One started his own forum though it's been slowed since he was diagnosed with cancer awhile back.

A couple stay in touch with me through emails.

One or two decided to waste their money on other hobbies. From what I hear, they're doing a really good job at it.

It's been pretty dead around here for the most part. Some people wanting to revive some old pieces of gear mostly. Or relive their rock and roll days of 30 years ago.

Questions like, "How good is my 1979 JVC reciever? It's been in storage for sixteen years and now it doesn't work."


Those are people who don't typically like my answer.



For some reason, there are a lot of people who think this is the car audio forum and we have codes to unlock their radios so they can cheat on paying someone for content.

It's a bit disturbing to find someone asking for a radio code in the "phono" forum. Not a lot of confidence they'd even get the message they don't belong here.

I don't think Brian gives much of a care whether this portion of the forum stays or goes. He's making cash no matter.


.
 

Gold Member
Username: Magfan

USA

Post Number: 3373
Registered: Oct-07
Go to Elliot Sound Products and read THAT article on 'doppler effect' for the somewhat better term.

And how did TRUMP get drug into this? One half of the Ultimate Dumpster Fire election. A lunatic and an (unindicted) fellon. I'm still waiting for the Web Hubble / Chelsea DNA test results.
 

Platinum Member
Username: Jan_b_vigne

Dallas, TX

Post Number: 18270
Registered: May-04
.

"Go to Elliot Sound Products and read THAT article on 'doppler effect' for the somewhat better term."


It would have been more helpful if you had been more specific about what Elliott has to say on the Doppler Effect and how it relates to any point you might be trying to make. I've actually lost track of, and lost interest in, what point you might have been trying to make, leo, it has nothing to do with T-Bass' thread.

Elliott "says" more than one thing about Doppler and simply referring to Elliott doesn't clarify anything. "THAT" article doesn't exist unless you say "WHICH" article and say "WHAT" he says that relates to your opinion - whatever that may be at this point.



None the less, I went to Elliott and I read a bit. As I see it, he is primarily discussing Doppler distortion. And he makes it clear his statements are his opinion, which is not always the most common opinion.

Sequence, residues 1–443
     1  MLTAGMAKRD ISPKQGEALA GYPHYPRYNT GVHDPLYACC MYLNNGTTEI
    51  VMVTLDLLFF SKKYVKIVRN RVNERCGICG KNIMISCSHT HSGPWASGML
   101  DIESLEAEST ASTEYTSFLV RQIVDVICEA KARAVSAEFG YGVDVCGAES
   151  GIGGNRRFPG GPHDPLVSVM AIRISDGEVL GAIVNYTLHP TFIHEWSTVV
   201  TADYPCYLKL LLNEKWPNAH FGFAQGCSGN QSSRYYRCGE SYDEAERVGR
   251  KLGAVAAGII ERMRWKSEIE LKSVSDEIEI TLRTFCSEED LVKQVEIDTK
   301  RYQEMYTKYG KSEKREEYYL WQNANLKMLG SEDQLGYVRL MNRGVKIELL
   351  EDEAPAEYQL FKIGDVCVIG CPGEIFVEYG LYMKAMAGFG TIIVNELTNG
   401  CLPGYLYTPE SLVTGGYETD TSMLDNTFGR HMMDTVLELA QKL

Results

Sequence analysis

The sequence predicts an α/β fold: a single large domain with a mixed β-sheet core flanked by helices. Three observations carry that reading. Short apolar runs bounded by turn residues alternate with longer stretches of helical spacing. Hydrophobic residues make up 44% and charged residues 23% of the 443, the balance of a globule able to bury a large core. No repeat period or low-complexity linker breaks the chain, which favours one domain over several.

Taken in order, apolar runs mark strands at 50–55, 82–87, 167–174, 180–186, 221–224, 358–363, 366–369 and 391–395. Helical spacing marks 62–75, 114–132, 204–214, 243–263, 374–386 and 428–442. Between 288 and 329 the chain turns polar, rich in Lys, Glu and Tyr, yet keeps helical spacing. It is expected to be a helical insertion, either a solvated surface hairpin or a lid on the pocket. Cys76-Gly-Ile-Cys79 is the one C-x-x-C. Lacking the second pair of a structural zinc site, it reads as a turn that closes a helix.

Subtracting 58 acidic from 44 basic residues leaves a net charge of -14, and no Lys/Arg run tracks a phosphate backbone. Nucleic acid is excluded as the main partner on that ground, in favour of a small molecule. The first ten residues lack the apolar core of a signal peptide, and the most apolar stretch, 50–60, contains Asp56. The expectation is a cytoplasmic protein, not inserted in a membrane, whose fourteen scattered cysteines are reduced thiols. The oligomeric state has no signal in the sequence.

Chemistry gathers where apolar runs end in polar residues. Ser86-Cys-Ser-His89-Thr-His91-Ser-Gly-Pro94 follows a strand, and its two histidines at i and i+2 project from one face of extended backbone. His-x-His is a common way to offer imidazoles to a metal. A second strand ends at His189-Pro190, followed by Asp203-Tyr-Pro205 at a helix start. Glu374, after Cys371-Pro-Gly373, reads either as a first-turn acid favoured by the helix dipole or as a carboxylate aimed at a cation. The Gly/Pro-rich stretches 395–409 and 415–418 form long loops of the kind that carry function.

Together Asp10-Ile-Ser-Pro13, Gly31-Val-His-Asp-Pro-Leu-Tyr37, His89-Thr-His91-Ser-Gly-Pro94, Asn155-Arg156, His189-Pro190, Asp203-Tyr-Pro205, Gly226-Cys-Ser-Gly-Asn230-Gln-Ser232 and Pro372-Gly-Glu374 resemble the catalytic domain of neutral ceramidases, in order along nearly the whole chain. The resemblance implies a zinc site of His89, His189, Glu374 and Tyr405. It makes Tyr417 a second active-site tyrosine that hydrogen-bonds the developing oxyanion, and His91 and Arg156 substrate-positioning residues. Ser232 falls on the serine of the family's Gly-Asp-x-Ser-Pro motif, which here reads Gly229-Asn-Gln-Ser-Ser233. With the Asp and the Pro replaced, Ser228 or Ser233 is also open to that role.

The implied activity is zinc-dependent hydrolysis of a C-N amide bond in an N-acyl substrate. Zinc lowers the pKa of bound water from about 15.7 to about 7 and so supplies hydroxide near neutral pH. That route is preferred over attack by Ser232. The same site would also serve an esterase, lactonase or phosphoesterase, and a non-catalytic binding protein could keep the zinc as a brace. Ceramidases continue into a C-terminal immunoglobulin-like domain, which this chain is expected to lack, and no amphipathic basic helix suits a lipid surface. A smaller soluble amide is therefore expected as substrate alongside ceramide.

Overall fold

In other words, Elliott is, as far as I see, discussing the intermodulation distortion created by the driver's movement toward the listener and away from the listener.

That is not what I am discussing in regard to "doubling" in a loudspeaker.

In short, as it relates to loudspeaker doubling, the Doppler Effect suggests louder equates to lower/higher. That basic idea was/is the basis for many loudness compensation circuits, Yamaha's being the most well known.

We understand the utility of this "loudness" idea as; when there is more bass, the (average) listener will perceive more to be lower. Our perception fills in the missing points just as it does visually when we view a pointilist image It's how our human mind operates by seeking to fill out an image despite missing parts or incomplete data points.

Therefore, cognitively, when there are more high frequencies, we perceive them as being more extended in frequency also.

Nothing to do with movement or distortion.

Nothing to do with phase.

Now you're trying to combine too many of your claims to make any sense when it comes to doubling.

It seems even you have lost track of just what exactly you are trying to claim, leo, and now you are simply throwing everything on the wall to see what sticks.


Doubling is a frequency issue, not a distortion issue or a phase specific issue. Even Elliott discusses the compression effects of Doppler as it relates to the upper frequency response of a driver and the modulation of frequencies produced by one single driver when it comes to phase related issues.


None of this has anything to do with T-Bass' thread.



I will try to make this as short as possible and hopefully as easily understood as possible.